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slang This term can have a negative connotation when describing something deemed gaudy.
1. Jewelry, especially that which is sparkly or flashy. Your outfit is so plain—a bit of bling would jazz it up nicely! Yikes, what's with all the bling tonight? You look like Liberace!
2. Sparkly or flashy. That dress is so plain, but this bling necklace will jazz it up nicely. Did you see his new car? Pretty bling, huh?
1. To adorn oneself in gaudy or ostentatious clothing, accessories, or jewelry as a means of looking superficially attractive. The group of women in the bachelorette party, blinged out and drunk beyond comprehension, wandered into a nightclub and began causing a scene.
2. To adorn something in flashy, ostentatious decorations or enhancements. In this usage, a noun or pronoun can be used between "bling" and "out." You see a lot of people in this neighborhood driving hot rods they've blinged out with decals, neon lights, and hydraulics.
1. Jewelry, especially that which is sparkly or flashy. This term can have a negative connotation when describing something deemed gaudy. That dress is so plain that some bling-bling will really jazz it up. Yikes, what's with all the bling-bling tonight? You look like Liberace!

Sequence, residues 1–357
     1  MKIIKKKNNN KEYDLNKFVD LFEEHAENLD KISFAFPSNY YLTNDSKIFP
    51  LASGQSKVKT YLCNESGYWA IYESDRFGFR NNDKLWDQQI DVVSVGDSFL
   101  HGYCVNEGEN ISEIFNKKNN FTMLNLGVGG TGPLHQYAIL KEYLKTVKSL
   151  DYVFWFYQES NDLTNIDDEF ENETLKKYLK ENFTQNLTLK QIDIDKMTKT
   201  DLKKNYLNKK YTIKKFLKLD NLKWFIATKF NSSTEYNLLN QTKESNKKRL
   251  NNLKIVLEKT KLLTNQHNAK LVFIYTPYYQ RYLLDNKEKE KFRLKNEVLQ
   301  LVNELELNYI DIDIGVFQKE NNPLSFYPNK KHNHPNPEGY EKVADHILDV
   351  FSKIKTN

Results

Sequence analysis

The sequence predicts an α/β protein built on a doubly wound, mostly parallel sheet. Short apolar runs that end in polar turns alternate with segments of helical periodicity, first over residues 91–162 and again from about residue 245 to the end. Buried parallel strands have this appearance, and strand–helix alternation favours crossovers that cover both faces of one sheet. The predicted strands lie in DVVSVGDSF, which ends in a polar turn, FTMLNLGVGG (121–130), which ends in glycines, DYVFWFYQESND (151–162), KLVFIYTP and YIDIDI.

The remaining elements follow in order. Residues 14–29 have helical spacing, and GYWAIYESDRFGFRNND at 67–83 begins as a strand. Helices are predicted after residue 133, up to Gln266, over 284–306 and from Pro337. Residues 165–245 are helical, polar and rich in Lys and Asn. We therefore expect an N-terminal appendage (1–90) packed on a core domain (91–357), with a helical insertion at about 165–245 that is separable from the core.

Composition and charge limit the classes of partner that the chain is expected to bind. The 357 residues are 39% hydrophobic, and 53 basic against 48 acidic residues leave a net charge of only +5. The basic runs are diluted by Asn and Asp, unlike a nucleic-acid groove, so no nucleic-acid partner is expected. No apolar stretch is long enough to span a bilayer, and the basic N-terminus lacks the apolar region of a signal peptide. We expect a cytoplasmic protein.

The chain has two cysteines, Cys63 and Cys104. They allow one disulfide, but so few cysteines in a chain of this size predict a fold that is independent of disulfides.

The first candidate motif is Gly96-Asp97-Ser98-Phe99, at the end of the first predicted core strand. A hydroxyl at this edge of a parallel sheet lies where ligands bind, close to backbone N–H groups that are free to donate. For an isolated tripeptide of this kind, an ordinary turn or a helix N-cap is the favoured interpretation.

2. Sparkly or glittery. That dress is so plain that a bling-bling necklace will really jazz it up.
Farlex Dictionary of Idioms. © 2015 Farlex, Inc, all rights reserved.
1. n. fancy jewelry, especially chains and the like that sparkle or tinkle when in motion. (Streets.) All that bling-bling’s gonna give you a sore neck!
2. mod. fancy or sparkly, from the glimmer of light. (Streets.) Tiff! Your chains are so bling-bling!
McGraw-Hill's Dictionary of American Slang and Colloquial Expressions Copyright © 2006 by The McGraw-Hill Companies, Inc. All rights reserved.
Sparkly, gaudy jewelry. This slangy term refers to the shininess of such accessories and the name for their clinking sound. It originated in the second half of the 1900s and was popularized in the hip-hop community. A 1999 rap song “Bling Bling” helped spread it to mass culture. In 1988, during a campaign appearance, presidential candidate Mitt Romney described a baby wearing gold jewelry, “Oh, you’ve got some bling-bling here” (Michael Powell, New York Times, January 22, 2008). And describing the Boston Red Sox player David Ortiz arriving for the All-Star game, “He was wearing some serious bling . . . including dark sunglasses that had red beads and diamonds that probably cost more than my house” (Nick Cafardo, Boston Globe, July 13, 2010). It is well on its way to becoming a cliché.
The Dictionary of Clichés by Christine Ammer Copyright © 2013 by Christine Ammer